Thursday, August 19, 2010

How I got to DHL Inhouse Consulting

I am not sure if my career is going to be dominated by yellow and red (remember my previous company was Shell), I just keep my fingers crossed it is not going to be McDonalds in the future.

As you remember, last week I went to Bonn in Germany for an assessment center with DHL Inhouse Consulting. Some of you even sent me messages to find out what that was all about and how to apply, so I figured out I'd rather make the details of the trip public; hope someone finds it interesting and useful.

Everything started on Monday in Bonn with my crude misconstruction of German behavior. Take these three things into consideration: Germany, Monday morning and Germany. Everyone in the office was smiling and greeting me!!! How weird is that? I mean... on a Monday morning it is generally a very BAD idea to talk to me before I had my first cup of coffee. In Bonn people on the streets were greeting me - huh? Well, I allow a possibility that was because I was wearing an awesome Calvin Klein linen suit with a tie and a fresh haircut - still, I was not prepared for that.

What I WAS prepared for is that everything will be measured to the dot and it was. The process ran smoothly according to the schedule, not a minute wasted. I have always admired German punctuality (not when you live with one of them, though), but in general you can check your clock by the German schedule.

The presentations and interviews are done by consultants and project managers, which instantly signals the level of commitment the company places on the recruitment process. As Jack Welch said, recruitment is the single most important activity in any organization. I think Goldman Sachs is another company taking it seriously with up to 60 interviews when you join them.

I have never done a case interview in my life and I should tell you, it's not something you want to go through every day. I used to run assessment centers at Shell, but that was somewhat a different experience... not so stressful I believe. With a case interview you need to think of your feet and lay out your reasoning and calculations there and then. The key (as I see it) is to reveal your thinking and show the ability to look at the problem holistically. Nobody expects you to demonstrate Financial Management knowledge - if that is your biggest asset, probably you should be doing this interview at Merrill Lynch or Lehman Brothers... no... hold on... scrap the latter one... Obviously, you need to pepper your answer with the typical MBA lingo, such as "sustainable development", "win-win solution", "leverage" and the like, but you can only do this much BS - you are expected to give a concrete recommendation at the end of your verbal torrent of business school profanities. The case studies turned out to be relevant real life problems, examples of which can be found on the DHL Inhouse Consulting website. I struggled a little with "getting my hands dirty" and digging deeper into the numbers, but I am aware of my preference to go for the bigger picture. If you demonstrate the ability to think on the fly, you are fine.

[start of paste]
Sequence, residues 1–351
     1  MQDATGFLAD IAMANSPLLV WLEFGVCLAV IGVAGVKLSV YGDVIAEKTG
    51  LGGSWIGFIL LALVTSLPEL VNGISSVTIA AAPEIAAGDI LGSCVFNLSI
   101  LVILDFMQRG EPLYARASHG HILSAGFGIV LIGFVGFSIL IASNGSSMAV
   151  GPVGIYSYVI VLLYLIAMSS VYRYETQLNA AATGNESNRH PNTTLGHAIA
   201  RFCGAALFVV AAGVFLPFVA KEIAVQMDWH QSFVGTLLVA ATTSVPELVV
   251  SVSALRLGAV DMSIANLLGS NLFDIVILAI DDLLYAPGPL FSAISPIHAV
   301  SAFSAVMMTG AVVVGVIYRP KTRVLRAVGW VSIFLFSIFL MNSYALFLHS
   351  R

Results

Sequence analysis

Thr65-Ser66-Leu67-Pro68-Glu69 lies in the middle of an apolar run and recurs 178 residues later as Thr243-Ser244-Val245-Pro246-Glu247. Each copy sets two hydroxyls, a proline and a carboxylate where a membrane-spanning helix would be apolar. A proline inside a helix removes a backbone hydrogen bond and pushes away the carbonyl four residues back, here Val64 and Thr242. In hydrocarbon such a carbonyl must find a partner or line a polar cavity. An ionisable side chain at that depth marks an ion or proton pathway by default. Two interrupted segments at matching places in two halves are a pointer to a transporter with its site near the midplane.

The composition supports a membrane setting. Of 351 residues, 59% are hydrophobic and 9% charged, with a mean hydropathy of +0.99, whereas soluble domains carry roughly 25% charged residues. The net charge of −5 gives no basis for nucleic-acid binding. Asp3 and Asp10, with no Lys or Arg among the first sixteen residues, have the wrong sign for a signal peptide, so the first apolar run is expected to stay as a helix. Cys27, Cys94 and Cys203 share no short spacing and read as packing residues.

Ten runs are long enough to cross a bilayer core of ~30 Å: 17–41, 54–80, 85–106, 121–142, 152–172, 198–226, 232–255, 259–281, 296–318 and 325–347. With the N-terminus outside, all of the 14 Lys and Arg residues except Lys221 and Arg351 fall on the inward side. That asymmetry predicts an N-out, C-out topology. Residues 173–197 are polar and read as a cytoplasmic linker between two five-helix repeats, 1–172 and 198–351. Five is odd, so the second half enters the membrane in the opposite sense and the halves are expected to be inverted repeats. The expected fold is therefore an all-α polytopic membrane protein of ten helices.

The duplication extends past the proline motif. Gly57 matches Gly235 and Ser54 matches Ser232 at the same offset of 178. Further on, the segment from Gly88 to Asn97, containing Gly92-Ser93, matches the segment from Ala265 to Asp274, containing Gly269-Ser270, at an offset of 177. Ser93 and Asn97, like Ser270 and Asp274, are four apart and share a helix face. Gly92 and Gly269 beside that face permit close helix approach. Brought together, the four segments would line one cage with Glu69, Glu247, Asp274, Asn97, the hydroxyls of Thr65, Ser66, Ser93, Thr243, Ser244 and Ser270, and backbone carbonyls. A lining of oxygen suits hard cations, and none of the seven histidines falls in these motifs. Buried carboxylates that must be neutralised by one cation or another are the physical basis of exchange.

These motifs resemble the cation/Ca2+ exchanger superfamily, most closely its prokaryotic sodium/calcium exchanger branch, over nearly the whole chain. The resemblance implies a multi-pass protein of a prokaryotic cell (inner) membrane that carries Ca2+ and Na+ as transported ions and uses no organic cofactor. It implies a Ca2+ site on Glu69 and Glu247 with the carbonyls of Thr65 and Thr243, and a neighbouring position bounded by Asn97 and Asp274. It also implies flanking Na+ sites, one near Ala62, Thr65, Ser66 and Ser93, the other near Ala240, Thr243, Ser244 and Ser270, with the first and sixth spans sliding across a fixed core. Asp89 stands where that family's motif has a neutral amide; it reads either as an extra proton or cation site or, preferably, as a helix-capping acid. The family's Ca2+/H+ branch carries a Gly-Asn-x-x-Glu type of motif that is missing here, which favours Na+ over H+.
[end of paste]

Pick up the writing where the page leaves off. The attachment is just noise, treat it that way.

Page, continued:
The feedback and decision was instant, so walking away from their office three hours later I was given the offer and the details. HR gets involved only at the final stage when it comes to figures and contracts, and it is all polished and smooth, which sort of can be expected from a worldwide logistics leader.

One concern that I still can't get my head around is: if they stress the importance of teamwork so much, why were all the candidates given only individual assignments? Or maybe it's merely because it is only an assessment for an internship, and the "real" assessment will be more grueling, longer and earth-shattering?

Now I have four months before the start and the personal question is what I need to do to get the most of that internship experience and weigh up all the other options. There are electives, there are long- and short-term exchanges, Venture Lab, and surely I can try getting into another company. They say that options are good, they give you the sense of freedom. But when there are too many of them, they give you a headache.


  1. Hi

    Thanks for the excellent post. There are no cases found on the website.

    How many interviews you had mate

    is it just one case based interview or others also that test your prior knowledge and were you asked any puzzles


  2. Hi Sergey,
    Thanks for such a informative post.

    How many stages are there in the process?

    Case study,presentation and interview...
    Any team activity??How many more people were invited.


  3. Hi guys - thank you for the comments. There was no group activity and you should be prepared for at least two different interviews (think piece + CV discussion). Bear in mind that it is typical for assessment centers to change their structure, contents and definitely the assessors, so be prepared for the unexpected.

    Good luck,

  4. Hallo Sergey,

    Thank you for the Blog post. Can u plz give a example of a case study..what was it based on and did u do any prior preparation for the case study.

    Did they ask u some estimator. Await your reply


  5. Hi Dave - I won´t give you the exact topics we talked about in the case interviews, but if you study HBS and Wharton case books properly, you can consider yourself prepared.

    Good luck,

  6. hi Sergey,
    Are numerical n verbal tests involved during internship interviews too? if yes,what is the difficulty level.

    Nice work by you here.


  7. Hi D, there were no numerical or verbal tests at my assessment. Cheers, S



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